My little brother is an extensive reader. His favorites are Hemmingway, Hunter S. Thompson, and Vonnegut (so he and Dad and I can have a pretty lively discussion when we get together). Recently, I've gotten him hooked on comic books, where we both love Millar and Ellis (I've tried to point him at Gail Simone, but her best stuff is generally DC, and he's a Marvel guy right now). He's my go-to for literary literature, as for a while that was all he would take in. He insisted I read the Rum Diaries and I liked it quite a lot. I got him turned on to Tom Robbins and I think he may have read more of him than I have now. I tried to sell him on Neal Stephenson, but it didn't take. I also keep pushing him at Nabokov, which I think he'll like better, even though he's more of a bare prose man (he says he never could get through Faulkner). He's also a Harry Potter fanatic.

One of my stepsisters read a good bit of my penny dreadful dungeons and dragons fiction back in the day when I was doing that. She's since moved on to be a prolific reader of romance novels, which the whole family teases her about, though to be fair I've borrowed a couple of her regency romances and enjoyed them thoroughly if not without my tongue firmly planted in my cheek. We don't necessarily have a lot in common in our reading, but I do try to stick up for her literary choices in my own backhanded sort of way. It doesn't have to be Shakespeare to be fun. Her son is currently reading Percy Jackson the Lightning Thief, and I'm doing my best to cheer him on at every opportunity.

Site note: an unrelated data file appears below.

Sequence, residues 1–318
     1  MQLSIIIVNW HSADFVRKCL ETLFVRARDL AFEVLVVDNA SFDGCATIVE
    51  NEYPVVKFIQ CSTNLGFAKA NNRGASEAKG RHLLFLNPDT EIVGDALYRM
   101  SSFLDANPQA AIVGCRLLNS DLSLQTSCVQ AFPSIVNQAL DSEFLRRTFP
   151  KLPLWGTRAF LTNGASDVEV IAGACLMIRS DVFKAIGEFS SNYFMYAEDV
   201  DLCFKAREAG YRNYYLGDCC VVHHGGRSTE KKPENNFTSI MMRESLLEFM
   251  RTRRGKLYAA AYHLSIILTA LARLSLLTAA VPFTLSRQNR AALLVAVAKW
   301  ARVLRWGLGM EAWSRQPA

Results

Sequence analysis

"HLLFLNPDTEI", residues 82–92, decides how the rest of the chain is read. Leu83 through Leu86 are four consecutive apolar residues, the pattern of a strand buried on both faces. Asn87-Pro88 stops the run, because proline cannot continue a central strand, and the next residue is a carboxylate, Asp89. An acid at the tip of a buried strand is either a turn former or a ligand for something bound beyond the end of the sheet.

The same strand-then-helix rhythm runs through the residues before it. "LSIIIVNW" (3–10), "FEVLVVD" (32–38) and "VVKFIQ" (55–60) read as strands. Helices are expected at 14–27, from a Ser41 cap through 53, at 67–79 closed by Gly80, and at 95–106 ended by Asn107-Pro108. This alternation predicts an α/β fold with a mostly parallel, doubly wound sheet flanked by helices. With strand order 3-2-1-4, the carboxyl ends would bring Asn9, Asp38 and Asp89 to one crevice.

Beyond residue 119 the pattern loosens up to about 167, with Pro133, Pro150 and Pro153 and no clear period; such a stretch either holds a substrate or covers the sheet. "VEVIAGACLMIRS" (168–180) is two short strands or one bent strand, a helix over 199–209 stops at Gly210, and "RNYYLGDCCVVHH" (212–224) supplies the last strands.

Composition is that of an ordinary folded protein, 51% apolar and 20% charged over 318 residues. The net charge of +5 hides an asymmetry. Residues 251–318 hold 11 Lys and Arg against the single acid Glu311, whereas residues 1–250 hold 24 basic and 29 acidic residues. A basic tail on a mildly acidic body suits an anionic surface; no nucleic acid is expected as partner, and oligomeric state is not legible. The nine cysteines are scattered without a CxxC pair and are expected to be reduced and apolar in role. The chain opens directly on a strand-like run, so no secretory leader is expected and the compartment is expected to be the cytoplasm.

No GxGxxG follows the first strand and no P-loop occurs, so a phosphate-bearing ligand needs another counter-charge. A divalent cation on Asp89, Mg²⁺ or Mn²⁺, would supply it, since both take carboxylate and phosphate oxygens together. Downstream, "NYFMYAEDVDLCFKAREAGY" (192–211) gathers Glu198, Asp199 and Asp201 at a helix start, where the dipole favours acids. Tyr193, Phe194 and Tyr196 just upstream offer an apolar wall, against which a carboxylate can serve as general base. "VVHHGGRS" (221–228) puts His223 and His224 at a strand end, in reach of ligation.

My other two sisters read somewhat less, but we still talk books every now and again. One of them put me to shame by reading Octavia Butler before I did, and we trade recommendations on those intermittent occasions when it's just us. Her husband and I once had a marathon (and slightly competitive) science fiction book off in terms of who of import we'd read and who we had on the shelf just waiting when we got home.

I have no idea what it's like to try to come into this business when one hasn't grown up surrounded by books and people who love them. Books haven't really ever been a lonely hobby to me. They've been something I could share over snacks with the people I love. We've always been able to have conversations about what we thought the point was or how we didn't see it that way, but we could see where they were coming from.

I guess the best advice I can give at the end of this is: if you do have kids, read to them, and let them know you like to read. It will make a huge difference.